These systems allow a greater control over the heating and cooling equipment with smart controls. The system automatically reports when it needs repairs, maintenance and needs to be set for optimal performance. In the long run, these systems provide greater convenience and efficiency with longer life and durability.

Split or window units

Both types are equally capable of fulfilling your cooling needs, however, split air conditioners are more common these days as window units are not energy efficient at all. Window units need to be fit in the wall, which requires a big square cut out. For smaller homes and apartments these are a good alternative as the indoor unit is directly connected to the outdoor unit. There is no need for a network of ducts going across the house. Ductless systems are also easier to maintain as searching for leakages is restricted to a small area.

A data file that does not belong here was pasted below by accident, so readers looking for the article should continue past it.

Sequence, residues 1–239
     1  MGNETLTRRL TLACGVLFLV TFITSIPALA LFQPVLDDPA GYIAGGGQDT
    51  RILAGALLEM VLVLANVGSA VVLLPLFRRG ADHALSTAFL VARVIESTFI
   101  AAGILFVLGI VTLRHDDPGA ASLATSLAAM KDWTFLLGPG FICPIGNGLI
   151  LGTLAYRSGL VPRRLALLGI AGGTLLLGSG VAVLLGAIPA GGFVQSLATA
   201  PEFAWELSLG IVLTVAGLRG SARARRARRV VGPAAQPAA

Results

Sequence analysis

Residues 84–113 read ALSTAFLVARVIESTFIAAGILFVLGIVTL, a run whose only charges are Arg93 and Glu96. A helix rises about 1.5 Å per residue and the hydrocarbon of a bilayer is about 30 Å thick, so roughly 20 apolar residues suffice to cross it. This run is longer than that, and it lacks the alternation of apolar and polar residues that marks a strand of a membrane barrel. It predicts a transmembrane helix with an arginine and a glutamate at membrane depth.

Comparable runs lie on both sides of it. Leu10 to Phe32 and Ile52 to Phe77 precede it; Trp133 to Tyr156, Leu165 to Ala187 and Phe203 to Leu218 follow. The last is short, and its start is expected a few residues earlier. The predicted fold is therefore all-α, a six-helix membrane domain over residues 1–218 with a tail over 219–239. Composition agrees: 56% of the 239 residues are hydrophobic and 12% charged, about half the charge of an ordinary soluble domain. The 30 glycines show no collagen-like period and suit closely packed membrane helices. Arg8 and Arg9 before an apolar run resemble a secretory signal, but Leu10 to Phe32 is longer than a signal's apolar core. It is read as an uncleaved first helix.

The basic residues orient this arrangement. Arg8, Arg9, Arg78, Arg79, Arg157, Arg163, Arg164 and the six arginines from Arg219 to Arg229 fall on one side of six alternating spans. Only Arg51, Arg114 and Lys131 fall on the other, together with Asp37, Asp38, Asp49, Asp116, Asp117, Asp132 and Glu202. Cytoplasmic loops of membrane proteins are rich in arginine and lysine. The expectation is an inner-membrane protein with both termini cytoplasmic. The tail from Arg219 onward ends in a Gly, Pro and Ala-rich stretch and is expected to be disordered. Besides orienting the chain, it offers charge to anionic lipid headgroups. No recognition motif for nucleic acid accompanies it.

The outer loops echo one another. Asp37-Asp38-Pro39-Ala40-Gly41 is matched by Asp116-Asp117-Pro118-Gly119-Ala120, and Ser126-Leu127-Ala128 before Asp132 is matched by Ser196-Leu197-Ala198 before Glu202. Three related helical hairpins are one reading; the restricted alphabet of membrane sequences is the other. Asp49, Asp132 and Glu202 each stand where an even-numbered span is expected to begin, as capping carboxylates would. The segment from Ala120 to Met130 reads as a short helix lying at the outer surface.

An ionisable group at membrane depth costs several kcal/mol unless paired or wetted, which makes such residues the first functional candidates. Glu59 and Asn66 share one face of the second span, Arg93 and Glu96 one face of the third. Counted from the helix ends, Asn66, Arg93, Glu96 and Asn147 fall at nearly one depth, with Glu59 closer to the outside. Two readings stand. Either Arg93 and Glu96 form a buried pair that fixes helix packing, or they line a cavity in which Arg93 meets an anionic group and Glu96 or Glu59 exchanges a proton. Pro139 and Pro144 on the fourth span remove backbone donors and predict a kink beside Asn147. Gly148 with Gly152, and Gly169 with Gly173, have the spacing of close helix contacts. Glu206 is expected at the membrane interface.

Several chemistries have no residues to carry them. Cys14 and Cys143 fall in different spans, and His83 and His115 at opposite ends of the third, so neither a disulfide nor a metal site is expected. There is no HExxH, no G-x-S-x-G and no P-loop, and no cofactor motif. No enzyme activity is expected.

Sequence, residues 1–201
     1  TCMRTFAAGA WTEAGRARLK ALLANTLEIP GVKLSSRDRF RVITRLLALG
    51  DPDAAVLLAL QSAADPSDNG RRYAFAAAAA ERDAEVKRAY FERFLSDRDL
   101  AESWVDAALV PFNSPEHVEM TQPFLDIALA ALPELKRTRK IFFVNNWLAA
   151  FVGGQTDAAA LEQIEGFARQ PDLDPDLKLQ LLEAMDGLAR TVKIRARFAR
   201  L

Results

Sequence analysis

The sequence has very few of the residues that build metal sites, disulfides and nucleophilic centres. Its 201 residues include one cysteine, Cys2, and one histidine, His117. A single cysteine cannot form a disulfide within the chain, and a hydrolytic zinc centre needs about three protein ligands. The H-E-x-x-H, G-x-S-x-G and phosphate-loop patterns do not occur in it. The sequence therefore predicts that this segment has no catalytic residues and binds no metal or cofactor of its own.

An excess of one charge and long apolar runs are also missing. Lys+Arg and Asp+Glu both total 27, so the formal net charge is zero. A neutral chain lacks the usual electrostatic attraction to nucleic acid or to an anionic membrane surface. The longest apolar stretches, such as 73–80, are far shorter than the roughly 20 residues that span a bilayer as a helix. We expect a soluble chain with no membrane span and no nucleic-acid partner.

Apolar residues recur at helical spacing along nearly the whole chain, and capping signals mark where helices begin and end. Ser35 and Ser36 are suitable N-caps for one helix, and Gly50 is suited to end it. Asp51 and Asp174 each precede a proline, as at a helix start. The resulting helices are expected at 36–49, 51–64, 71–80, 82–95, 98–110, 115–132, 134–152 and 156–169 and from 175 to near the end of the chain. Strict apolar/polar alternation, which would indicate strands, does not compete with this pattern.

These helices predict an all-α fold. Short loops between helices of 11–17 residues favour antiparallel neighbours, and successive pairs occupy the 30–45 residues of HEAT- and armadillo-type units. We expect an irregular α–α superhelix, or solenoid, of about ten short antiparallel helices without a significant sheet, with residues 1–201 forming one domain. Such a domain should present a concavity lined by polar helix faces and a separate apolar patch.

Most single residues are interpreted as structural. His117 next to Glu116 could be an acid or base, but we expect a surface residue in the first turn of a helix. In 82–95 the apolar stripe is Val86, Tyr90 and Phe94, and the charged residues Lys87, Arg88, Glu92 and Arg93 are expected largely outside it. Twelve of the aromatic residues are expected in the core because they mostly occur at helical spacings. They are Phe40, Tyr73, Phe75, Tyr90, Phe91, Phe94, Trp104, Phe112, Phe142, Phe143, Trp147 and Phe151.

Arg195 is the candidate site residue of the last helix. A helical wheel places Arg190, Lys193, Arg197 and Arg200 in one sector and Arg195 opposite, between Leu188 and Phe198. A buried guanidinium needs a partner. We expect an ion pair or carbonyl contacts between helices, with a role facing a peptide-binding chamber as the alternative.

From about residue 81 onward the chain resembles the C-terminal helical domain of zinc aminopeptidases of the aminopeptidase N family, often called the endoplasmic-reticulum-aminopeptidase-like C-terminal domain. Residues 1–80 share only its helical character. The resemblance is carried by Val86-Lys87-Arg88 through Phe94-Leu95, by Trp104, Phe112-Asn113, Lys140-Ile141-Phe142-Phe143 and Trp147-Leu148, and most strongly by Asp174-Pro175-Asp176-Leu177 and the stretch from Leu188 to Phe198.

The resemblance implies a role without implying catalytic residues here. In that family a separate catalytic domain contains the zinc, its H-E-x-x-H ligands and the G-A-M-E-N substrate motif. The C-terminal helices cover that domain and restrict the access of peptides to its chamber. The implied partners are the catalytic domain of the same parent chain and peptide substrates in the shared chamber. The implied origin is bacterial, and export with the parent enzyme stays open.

Geothermal technology

As the name suggests, it is the technology that relates to the surface of the Earth. Geothermal units make use of the constant temperatures found deep underground. Installing these systems can require extensive excavation, and maintenance can be difficult. Although that should not be your main concern since they require little to no maintenance. Geothermal systems are energy efficient plus zero carbon emissions. They work by heating up your home in the winter from the warmth naturally found in the ground. In summers, they absorb the heat back into the ground to provide comfortable and cool indoor temperatures. They are also extremely quiet.

Single unit portable systems